Anthony Zuiker’s Suspense Thriller 2.0
I am going to say from the outset that I want lots of comments on this post, because I think it will be warranted. And also because I am not quite sure what I think about it. But to sum up, CSI creator Anthony Zuiker, whose memoir MR. CSI will be published next year by Collins, now adds fiction to his book resume – though not quite in the usual format, as Variety reports:
is a publishing hybrid that broadens traditional book reading into a
multiplatform experience that includes filmed components and an
interactive social networking site.
At the conclusion of each
five chapters, readers will be given codes to log onto a website that
will feature two-minute filmed vignettes providing a cinematic bridge
to the next five chapters. At the book’s conclusion, readers can join
an online community in which they can interact with others and hatch
characters and storylines. The best suggestions will be incorporated
into future titles, Zuiker said.
“I want to give traditional crime novel readers a more immersive experience,” Zuiker told Daily Variety. The online component “offers publishing a chance to catch up with the YouTube generation that has lost passion for reading.”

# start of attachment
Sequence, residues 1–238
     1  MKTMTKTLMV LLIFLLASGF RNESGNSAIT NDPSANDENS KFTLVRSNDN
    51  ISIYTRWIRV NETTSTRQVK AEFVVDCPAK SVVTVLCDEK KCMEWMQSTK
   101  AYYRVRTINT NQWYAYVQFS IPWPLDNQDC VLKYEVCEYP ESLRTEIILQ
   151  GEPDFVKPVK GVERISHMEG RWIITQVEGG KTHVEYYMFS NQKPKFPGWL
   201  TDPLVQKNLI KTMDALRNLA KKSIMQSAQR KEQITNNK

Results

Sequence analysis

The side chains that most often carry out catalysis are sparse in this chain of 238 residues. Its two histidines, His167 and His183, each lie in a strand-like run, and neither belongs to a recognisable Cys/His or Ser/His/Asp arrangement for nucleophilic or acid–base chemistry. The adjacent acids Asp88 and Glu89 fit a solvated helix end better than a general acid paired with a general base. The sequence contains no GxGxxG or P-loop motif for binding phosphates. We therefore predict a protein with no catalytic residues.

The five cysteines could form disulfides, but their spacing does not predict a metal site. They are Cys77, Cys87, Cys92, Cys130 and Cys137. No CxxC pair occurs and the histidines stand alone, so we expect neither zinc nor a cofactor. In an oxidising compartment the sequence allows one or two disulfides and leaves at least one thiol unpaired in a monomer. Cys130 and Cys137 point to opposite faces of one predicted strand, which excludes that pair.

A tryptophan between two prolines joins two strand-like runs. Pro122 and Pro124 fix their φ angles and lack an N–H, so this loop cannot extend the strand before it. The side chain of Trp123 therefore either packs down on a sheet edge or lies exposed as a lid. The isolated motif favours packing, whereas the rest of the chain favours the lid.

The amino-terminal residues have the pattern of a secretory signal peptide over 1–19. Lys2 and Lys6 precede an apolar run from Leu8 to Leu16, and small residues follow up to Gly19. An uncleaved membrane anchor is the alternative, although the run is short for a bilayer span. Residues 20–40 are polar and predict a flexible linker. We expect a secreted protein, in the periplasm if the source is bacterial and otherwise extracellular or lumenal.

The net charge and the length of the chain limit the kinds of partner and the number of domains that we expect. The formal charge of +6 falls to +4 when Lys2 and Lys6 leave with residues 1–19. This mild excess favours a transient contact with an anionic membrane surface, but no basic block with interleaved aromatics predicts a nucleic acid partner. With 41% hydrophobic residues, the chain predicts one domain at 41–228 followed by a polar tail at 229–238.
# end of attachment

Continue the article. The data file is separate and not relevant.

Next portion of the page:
Ah, but do traditional crime novel readers WANT a more immersive experience? That is the question. But then, this section, especially what I’m about to bold, is the most telling:
Zuiker came up with the idea when he set out to write a crime novel and realized he had problems with the traditional format.
personally don’t have the attention economy to read a 250-page crime
novel from start to finish,” he said. “I realized that the way I’d like
to consume a novel is to be rewarded every couple of chapters by seeing
something visual that enhances the narrative.”**
write a 60-page outline for each book, then supervise a novelist who’ll
turn it into a 100-chapter book. Zuiker will write and direct 20
“cyber-bridges,” the two-minute video segments that supplement the
So basically Zuiker wants to have his Patterson cake and eat it too? Which is fine, but again, is this for the “traditional” crime writer or some nebulous larger audience that DC might reach more effectively with its upcoming Vertigo Crime line, or kills its hours with GTA IV or Spore?
Clearly changes are afoot, and they must be afoot in an industry that is as confused about the future as it’s ever been. But is this the way to go? I don’t know, and I’m skeptical, but also damn curious.